There were three main approaches to dispute resolution. Often the two parties sorted out the dispute between themselves, using a range of reconciliation rituals that seems to have been well understood. The second approach was to seek the informal aid of a third party, such as a household head, or some other relative of one of the parties; such a person could mediate, using their negotiating skills and (in the case of household heads) informal social power. The third approach, more formal and serious than the first two, was resolution by submission to a court. Here it should be noted that our evidence was all generated by courts, and indeed quite a few of the cases concerned would ultimately lead to one of the parties being executed as a witch – but the point here is that the resulting evidence also allows us to look back to earlier stages. In these earlier narratives we find disputes that occurred, and were resolved, within the community, before the word ‘witch’ was ever used. Studies of kirk sessions and burgh courts have shown that these and other local courts did not necessarily seek to punish offenders; they often sought to mediate between quarrelling parties, to restore harmony and to rehabilitate the wayward. A detailed examination of witchcraft cases can show how community members themselves sought to mediate between quarrelling parties, to restore harmony and to rehabilitate the wayward.

At this point it becomes possible to reinstate these disputes into a broader framework of normal socio-economic transactions within the community – transactions that are often, in themselves, invisible to the historian. In examining disputes about ploughing, or butter-making, or managing grazing animals, or offers of employment, or invitations to baptisms, we can also learn something about how socio-economic transactions on these matters were meant to take place. The witches of early modern Scotland can tell us about many other things besides witchcraft.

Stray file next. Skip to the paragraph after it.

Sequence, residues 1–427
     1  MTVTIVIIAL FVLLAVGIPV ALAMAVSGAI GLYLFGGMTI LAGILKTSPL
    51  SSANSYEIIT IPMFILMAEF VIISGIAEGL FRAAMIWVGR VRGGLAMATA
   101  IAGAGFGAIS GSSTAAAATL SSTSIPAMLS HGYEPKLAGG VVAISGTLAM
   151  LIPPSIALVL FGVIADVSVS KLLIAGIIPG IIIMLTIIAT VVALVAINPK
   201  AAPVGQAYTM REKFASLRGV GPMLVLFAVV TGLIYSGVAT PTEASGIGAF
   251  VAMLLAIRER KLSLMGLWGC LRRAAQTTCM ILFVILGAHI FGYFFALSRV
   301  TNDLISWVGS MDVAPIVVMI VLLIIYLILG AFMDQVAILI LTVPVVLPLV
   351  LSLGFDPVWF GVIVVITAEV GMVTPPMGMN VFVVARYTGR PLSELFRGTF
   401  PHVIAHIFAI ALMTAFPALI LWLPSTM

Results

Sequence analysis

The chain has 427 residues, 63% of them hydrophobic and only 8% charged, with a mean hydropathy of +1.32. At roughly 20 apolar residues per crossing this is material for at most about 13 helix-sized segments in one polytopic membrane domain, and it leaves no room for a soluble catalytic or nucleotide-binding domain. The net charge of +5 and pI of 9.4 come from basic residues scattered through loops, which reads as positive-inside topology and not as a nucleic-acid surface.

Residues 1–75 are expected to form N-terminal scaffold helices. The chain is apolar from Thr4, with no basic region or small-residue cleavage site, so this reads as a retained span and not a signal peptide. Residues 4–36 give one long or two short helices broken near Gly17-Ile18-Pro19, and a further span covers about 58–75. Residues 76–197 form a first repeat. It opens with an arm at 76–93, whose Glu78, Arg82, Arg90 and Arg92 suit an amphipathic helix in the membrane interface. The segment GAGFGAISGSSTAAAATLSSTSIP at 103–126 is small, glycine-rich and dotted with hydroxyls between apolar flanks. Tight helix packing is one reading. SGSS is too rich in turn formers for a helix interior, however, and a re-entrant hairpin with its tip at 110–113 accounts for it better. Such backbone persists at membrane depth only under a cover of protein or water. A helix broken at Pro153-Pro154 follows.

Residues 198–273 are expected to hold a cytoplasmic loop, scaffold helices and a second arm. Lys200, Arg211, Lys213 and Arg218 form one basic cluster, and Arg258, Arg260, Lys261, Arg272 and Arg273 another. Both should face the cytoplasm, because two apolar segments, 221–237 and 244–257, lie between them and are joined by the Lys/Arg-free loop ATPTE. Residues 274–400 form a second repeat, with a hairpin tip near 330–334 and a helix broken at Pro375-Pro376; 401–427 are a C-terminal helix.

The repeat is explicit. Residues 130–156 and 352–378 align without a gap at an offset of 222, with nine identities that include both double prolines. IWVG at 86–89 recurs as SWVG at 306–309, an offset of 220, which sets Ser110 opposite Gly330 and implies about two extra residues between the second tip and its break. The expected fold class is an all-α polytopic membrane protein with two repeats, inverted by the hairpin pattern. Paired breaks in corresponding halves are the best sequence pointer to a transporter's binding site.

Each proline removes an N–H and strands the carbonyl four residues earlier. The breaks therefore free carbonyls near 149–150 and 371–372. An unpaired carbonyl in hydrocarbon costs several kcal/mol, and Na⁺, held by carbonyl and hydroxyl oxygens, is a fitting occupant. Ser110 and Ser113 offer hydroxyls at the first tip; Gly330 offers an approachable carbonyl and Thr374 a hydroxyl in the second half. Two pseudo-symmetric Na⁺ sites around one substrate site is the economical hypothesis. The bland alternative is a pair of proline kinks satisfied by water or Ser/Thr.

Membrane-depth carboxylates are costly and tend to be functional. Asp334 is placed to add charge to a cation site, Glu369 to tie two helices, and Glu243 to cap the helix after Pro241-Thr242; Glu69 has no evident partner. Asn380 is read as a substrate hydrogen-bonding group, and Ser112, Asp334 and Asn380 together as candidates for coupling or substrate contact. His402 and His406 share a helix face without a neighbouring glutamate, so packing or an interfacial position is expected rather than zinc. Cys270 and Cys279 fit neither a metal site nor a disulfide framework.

Dr. Aonghas MacCoinnich: “A clan chief’s perspective on community:  a letter of advice, 1631”

In 1631 Colin Mackenzie Earl of Seaforth (alias Cailean Ruadh) took ill in London.   Fearing imminent death, the Earl wrote a letter to his younger brother and heir outlining what challenges their family (and clan) faced at this time and what he saw as his managerial priorities. Written with surprising directness and frankness, this letter can help give an insight into the working of a Highland clan from a clan chief’s perspective at a critical time as he struggled to balance dynastic and community pressures, manage relations with clients and vassals while fending off external parties (Scots burghs, Lord Lorne and the Society of the Fishery of Great Britain and Ireland), all of whom sought to displace the Mackenzies from their recent acquisition, the Isle of Lewis, and install a more amenable regime in their place. This paper will use this letter and the themes it outlines to inform a wider discussion on the nature and structure of a Highland clan in the early seventeenth century.